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Overalls optional for bluegrass band

You can spell Mike Finders’ last name with one “n” or two. The correct way is with one “n” but you pronounce Finders with a short “i.” To ensure that the public pronounces his last name properly, the Colorado-based band goes by Finnders & Youngberg.

That’s a nonmusical story about this Americana band that has its main roots in bluegrass.

“Everybody experiences music in a different way. In my mind we’re a bluegrass band,” Finders, the band’s guitarist, said in a phone interview from his home in Longmont, Colo.

“A lot of bluegrass fans think that bluegrass is traditional music and that the musicians may or may not wear suits or overalls. Those are stereotypes of bluegrass bands. We don’t fit the stereotypes.”

Finnders & Youngberg can indeed play three-chord tunes like “Rollin’ In My Sweet Baby’s Arms,” but the band specializes in original music that sometimes has more compacted chord progressions and melody ideas than traditional bluegrass, he said.

Finders, the band’s main songwriter, said that over the last five years his compositions have absorbed some of his early musical influences like The Beatles, James Taylor and Jim Croce.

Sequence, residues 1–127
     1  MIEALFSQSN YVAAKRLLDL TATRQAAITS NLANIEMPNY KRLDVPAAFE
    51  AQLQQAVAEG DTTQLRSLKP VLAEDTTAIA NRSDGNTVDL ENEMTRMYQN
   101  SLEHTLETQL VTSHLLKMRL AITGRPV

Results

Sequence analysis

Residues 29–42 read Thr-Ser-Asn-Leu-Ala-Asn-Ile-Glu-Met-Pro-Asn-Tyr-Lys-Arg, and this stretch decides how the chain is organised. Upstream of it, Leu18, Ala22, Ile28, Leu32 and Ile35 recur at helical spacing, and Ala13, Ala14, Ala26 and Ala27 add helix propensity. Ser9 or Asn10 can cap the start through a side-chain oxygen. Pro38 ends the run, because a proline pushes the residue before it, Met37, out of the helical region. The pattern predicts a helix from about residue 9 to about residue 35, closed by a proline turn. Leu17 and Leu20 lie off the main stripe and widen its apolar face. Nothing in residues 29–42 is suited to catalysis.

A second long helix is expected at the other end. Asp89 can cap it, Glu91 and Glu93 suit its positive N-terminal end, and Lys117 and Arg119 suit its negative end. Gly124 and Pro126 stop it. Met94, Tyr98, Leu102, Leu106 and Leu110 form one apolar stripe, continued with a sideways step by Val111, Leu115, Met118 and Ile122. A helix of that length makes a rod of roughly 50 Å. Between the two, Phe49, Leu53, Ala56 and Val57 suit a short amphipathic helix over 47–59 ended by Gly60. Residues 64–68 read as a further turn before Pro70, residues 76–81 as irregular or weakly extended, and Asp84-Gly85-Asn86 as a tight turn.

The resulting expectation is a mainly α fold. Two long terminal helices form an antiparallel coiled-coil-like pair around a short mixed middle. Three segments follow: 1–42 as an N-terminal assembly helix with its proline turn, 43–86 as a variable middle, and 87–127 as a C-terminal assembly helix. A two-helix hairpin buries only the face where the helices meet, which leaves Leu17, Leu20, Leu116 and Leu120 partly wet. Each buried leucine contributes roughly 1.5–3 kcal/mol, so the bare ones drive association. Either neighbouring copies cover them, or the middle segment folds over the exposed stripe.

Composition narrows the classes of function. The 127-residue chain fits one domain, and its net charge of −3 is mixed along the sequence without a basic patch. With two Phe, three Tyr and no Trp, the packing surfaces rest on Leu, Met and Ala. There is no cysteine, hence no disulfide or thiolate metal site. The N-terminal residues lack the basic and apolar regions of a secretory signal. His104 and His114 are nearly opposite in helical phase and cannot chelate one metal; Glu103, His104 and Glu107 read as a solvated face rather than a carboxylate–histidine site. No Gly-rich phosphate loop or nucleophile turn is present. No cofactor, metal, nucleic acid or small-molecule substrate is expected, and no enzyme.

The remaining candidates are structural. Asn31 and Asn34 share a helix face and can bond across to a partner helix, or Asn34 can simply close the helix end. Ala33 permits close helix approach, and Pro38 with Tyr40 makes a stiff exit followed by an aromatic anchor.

Finders is a two-time winner of the MerleFest songwriting competition in bluegrass and gospel categories.


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He noted that when the band members arrange songs they do it with the mentality of bluegrass musicians.

Finnders & Youngberg will be in concert Thursday, July 18 at the Botanic Garden.

Four of its members will be there. With Finders will be bassist Erin Youngberg, her husband and banjo player Aaron Youngberg, and mandolin player Rich Zimmerman.

Fiddler Ryan Drickey, will be absent. He moved from Boulder, Colo., to New York City about a year ago, and doesn’t make every band gig. Finders promised an able replacement for Drickey.